#auslibchat follow up: notes from Clare O’Dwyer

Clare O’Dwyer gives us her extended answers from the last #auslibchat:

“I really enjoyed #auslibchat and it is an amazing experience especially when working overseas – although it made me a little homesick.

Here are my extended answers for the blog…

Q1. What was your first GLAMR job? #auslibchat

My first job was a library assistant in a volunteer role at my old primary school. This led to a paid role.

It was a really wonderful first job that I was given quite a lot of autonomy in to do story times and creative displays. I was only 19 years old so it really helped me feel more confident to get started in a library career.

Q2. How were you supported in your early career by ALIA or other professional organisations? What would you change/do differently? #auslibchat

In my early career my first experience of working in a public library at 20 was dreadful I was really bullied. However I did get recommended into another library assistant role in another organisation where the love vibe reigned. I had stomach pain each day from the laughter and fun with my colleagues. My manager told me quite clearly I should go to university and get qualified … she really believed in my ability. From a Library technician qualification to a Masters in Arts Management later that manager lit a fire that has never gone out. I truly love libraries and our ability to transform a library experience for our clients.

Q3. What would you do to champion new gen professionals & new grads in an environment that is increasingly difficult to find a job? #auslibchat

There is a real need to have succession planning strengthened in the larger libraries in Australia. Ideally more paid internships or cadets or short term project opportunities. In RMIT Vietnam the majority of the library staff are 20 years younger than me … they bring so much great optimism, strategic ideas and creative energy.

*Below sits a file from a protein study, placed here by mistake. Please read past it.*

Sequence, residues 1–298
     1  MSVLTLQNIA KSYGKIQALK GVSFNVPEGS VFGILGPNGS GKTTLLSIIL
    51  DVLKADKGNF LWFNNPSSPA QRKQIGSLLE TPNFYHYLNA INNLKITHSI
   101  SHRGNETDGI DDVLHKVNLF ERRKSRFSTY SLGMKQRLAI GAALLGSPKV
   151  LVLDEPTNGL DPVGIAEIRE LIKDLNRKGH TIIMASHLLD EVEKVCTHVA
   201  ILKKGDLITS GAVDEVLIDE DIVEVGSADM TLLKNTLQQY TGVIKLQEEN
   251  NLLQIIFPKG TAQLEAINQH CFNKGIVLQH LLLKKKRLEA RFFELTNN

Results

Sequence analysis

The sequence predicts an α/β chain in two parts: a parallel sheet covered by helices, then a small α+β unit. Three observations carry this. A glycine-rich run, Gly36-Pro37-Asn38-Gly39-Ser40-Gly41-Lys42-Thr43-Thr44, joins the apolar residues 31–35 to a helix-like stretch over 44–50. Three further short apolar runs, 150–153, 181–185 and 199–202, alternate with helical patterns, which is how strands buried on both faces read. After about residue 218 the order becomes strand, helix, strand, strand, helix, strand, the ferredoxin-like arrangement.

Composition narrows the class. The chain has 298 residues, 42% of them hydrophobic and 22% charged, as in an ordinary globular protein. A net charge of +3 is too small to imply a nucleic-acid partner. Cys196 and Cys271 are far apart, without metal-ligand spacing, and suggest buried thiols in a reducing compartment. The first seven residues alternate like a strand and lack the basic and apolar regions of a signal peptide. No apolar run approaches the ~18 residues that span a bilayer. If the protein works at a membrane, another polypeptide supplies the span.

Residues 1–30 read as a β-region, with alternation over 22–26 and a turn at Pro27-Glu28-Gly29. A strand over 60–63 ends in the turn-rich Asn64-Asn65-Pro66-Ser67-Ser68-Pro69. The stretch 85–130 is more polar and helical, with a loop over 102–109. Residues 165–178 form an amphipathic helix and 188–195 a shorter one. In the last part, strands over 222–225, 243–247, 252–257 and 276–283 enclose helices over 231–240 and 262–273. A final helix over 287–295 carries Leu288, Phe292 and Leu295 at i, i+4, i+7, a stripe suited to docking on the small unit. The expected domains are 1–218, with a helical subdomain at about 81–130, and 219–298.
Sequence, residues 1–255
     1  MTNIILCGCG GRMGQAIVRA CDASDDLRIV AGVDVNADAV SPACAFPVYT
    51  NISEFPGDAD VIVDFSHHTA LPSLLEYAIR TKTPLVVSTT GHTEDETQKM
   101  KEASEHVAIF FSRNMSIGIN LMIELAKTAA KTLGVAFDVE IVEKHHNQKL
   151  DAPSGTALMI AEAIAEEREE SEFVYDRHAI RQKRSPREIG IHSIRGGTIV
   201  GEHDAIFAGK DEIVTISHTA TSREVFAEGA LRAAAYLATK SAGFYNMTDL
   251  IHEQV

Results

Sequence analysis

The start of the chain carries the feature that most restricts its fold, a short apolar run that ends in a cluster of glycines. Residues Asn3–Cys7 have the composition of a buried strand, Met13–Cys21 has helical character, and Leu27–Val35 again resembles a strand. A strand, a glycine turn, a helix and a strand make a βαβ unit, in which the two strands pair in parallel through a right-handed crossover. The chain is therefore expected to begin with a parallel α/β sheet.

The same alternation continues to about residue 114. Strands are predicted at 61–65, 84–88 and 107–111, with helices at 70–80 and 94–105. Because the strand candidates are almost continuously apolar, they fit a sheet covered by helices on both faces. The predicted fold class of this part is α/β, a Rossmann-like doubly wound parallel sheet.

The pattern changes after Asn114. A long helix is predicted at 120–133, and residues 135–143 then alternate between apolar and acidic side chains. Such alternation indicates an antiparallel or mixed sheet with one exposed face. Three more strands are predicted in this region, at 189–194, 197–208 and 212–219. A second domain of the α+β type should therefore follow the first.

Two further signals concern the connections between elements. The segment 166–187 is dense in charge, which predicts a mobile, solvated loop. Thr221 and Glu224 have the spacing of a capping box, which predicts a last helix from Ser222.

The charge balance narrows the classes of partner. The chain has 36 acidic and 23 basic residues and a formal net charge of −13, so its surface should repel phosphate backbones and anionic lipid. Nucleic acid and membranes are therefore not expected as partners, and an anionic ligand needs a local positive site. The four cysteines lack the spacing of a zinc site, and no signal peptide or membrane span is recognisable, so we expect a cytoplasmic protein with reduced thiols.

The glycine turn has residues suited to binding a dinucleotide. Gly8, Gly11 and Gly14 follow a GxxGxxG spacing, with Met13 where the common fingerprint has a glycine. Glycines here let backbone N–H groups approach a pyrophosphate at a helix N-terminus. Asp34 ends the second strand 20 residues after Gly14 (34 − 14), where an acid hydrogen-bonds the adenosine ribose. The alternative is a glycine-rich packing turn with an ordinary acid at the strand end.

Q4. What role does ALIA have to play in the critical l’ship movement? How does this relate to future strategy and action? #auslibchat

Libraries more than ever are institutions of truth that support diversity. They are truly spaces that you can be alone but also supported by Librarians. Its important to keep our profile high to ensure government and institutional funding for the long term and to ensure Librarians are recognised as professionals. That includes maintaining salaries that are commensurate with the IT industry.

Q5. How can the profession continue to grow & develop? What role do you see for new gen professionals right now? #auslibchat

Its really exciting times for new gen librarians – opportunities in research, data management, digital curation, events, training, curating exhibitions and so much more. If I was starting out again I would be very interested in coding and gaining more skills in digital archives.

We will continue to grow if we keep both and open mind and seize opportunities to step in and be a critical service. I am very excited that libraries can also be maker spaces, performance spaces, business start up platforms and learning spaces. Our strength is that we don’t just talk about innovation we implement it.”

 

Thanks Clare!

If you missed last week’s chat, here is the Storify.

Here are the candidates’ Twitter handles to look out for:

Alicia Cohen – @Alicia_Cohen

Jonathon Guppy – @JonnyGup

Clare O’Dwyer – @MrsChurchill1

Anne Reddacliff – @AMoodiLibrarian

Don’t forget that if you’re an ALIA member, there’s still time to vote! Get to know your candidates and hop to it!

James McGoran

Vice Chair, NGAC

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NGAC Asks…. The Board Nominees Answer

This year 9 people have nominated for 4 positions on the ALIA Board of Directors.

The New Generations Advisory Committee (NGAC) took this opportunity to ask them some questions, to see how they felt about new graduate issues.  We also collected questions via twitter and asked them to the nominees.  We asked 11 questions, with 3 being from Twitter, so I apologise in advance for the length of this post.

We received responses from 4 of the 9 nominees.  Their responses are shown below, with no changes to format, spelling or grammar.

On behalf of NGAC, I would like to thank those nominees who took the time to answer our questions and wish all nominees the best of luck for the election.  I would also like to give a shout out to Hugh Rundle, from whom we copied the idea of blogging questions from the nominees.  Keep an eye out for Hugh’s questions to the nominees on his blog.

Kate (NGAC Chair)
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